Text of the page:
Generic: wild yam
an herbal product - treats High cholesterol, Menopausal symptoms, and Hormonal properties
TraditionWARNING: DISCLAIMER: The below uses are based on tradition, scientific theories, or limited research. They often have not been thoroughly tested in humans, and safety and effectiveness have not always been proven. Some of these conditions are potentially serious, and should be evaluated by a qualified healthcare provider. There may be other proposed uses that are not listed below.
Antifungal, anti- inflammatory, antiviral, asthma, bile flow improvement, biliary colic, breast cancer, breast enlargement, cancer prevention, cardiovascular disease, carminative (prevents gas), childbirth, cramps, croup, decreased perspiration, diverticulitis, energy improvement, excessive perspiration, expectorant, intestinal spasm, irritable bowel syndrome, joint pain, libido, liver protection, low blood sugar, menstrual pain or irregularities, morning sickness, nerve pain, osteoporosis, pancreatic enzyme inhibitor, pelvic cramps, postmenopausal vaginal dryness, premenstrual syndrome (PMS), rash, rheumatic pain, spasms, urinary tract disorders, uterus contraction, vomiting.
Adults (18 years and older)
There are no proven effective medicinal doses for wild yam.
Children (younger than 18 years)
Not enough evidence is available to recommend use in children.
SafetyDISCLAIMER: Many complementary techniques are practiced by healthcare professionals with formal training, in accordance with the standards of national organizations. However, this is not universally the case, and adverse effects are possible. Due to limited research, in some cases only limited safety information is available.
Rubbing the skin with Dioscorea batatas (a yam species related to Dioscorea villosa) has been reported to cause allergic rash. Workers exposed to Dioscorea batatas in large amounts and for a prolonged time have developed asthma that is made worse by exposure to the yam. A person who is known to have an allergy to Dioscorea batatas may also be allergic to other Dioscorea types.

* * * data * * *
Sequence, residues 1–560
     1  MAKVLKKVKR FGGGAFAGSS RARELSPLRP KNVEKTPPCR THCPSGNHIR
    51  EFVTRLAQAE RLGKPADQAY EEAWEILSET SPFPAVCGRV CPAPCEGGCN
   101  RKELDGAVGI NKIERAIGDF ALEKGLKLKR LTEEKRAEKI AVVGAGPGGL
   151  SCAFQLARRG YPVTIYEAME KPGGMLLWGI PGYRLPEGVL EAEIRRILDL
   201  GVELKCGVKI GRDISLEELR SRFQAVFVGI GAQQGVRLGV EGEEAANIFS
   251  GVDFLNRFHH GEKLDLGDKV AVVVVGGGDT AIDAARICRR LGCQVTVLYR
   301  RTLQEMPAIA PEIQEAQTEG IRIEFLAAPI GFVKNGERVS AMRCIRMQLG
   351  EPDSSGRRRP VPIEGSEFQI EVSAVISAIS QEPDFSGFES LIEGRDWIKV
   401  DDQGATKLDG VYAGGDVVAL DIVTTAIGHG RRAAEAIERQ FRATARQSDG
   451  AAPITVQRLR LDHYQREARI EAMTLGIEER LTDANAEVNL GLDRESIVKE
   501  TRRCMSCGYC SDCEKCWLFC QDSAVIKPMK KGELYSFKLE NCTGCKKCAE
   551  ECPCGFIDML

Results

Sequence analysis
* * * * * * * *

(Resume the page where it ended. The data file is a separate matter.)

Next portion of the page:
Side Effects and Warnings
Rubbing the skin with Dioscorea batatas, a related yam species, has been reported to cause a rash at the site of contact. Wild yam cream caused no rash in 23 healthy women in one reported study. In another study, wild yam given by mouth was reported to cause stomach upset at high doses.
Wild yam was believed in the past to have properties similar to the reproductive hormone progesterone, but this has not been supported by scientific studies. It has been suggested that some wild yam creams might be tainted with artificial progesterone. Based on theoretical hormonal properties and possible progesterone contamination, people with hormone- sensitive conditions should use wild yam products with caution. This caution applies to people who have had blood clots or strokes and to women who take hormone replacement therapy or birth control pills. In addition, women with fibroids, endometriosis, or cancer of the breast, uterus, or ovary should be aware that these are hormone- sensitive conditions that may be affected by agents with hormonal properties.
Caution is advised in patients with diabetes or low blood sugar and in those taking drugs, herbs, or supplements that affect blood sugar. Blood sugar levels may need to be monitored by a healthcare provider and medication adjustments may be necessary.
Pregnancy & Breastfeeding
Use of wild yam is not recommended during pregnancy or breastfeeding due to a lack of safety information. Wild yam is believed to cause uterine contractions and therefore use is discouraged during pregnancy. Wild yam was once thought to have effects similar to those of reproductive hormones, although this has not been proven in scientific studies. Artificial progesterone may be added to some products.